BALTIMORE, Md., Sep. 26, 2013—The United States and Japan today announced that beginning January 1, 2014, organic products certified in Japan or in the United States may be sold as organic in either country.

"This partnership reflects the strength of the USDA organic standards, allowing American organic farmers, ranchers, and businesses to access Asia's largest organic market," said U.S. Agriculture Secretary Vilsack.

The organics sector in the United States and Japan is valued at more than $36 billion combined, according to USDA.

Formal letters creating this partnership were finalized on September 26, 2013 in Baltimore, Maryland. Signatures to the partnership are Anne L. Alonzo, USDA Agricultural Marketing Service Administrator; Ambassador Islam Siddiqui, U.S. Trade Representative Chief Agricultural Negotiator; and Hiroyuki Kobayashi, Director General, Food Safety and Consumer Affairs Bureau. The announcement took place at Natural Products Expo East, one of the largest trade shows for organic products in the United States.

USDA explained that without an equivalency arrangement in place, organic farmers and businesses wanting to sell products in either country had to obtain separate certifications to meet each country's organic standards. This typically has meant two sets of fees, inspections, and paperwork. The department said the trade deal with Japan will be similar to previous U.S. equivalency arrangements with Canada and the European Union by eliminating significant barriers, especially for small and medium-sized organic producers.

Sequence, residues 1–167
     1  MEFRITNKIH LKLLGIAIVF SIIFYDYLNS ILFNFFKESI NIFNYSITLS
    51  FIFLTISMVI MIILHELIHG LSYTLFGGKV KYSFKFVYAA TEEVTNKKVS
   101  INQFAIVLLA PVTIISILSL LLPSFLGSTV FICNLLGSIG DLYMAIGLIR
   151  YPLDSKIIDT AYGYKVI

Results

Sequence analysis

According to today's announcement, U.S. and Japanese technical experts conducted thorough on-site audits to ensure that their programs' regulations, quality control measures, certification requirements, and labeling practices were compatible.

Both parties individually determined that their programs were "equivalent" with no restrictions for organic plant and plant products. This means that—for the first time—certified organic farmers and businesses in the U.S. don't have to prove that they didn't use a specific substance or production method to gain access to the Japanese organic market, USDA noted.

Japan's Ministry of Agriculture, Forestry, and Fisheries and the U.S. Department of Agriculture's (USDA) National Organic Program will both take on oversight roles.


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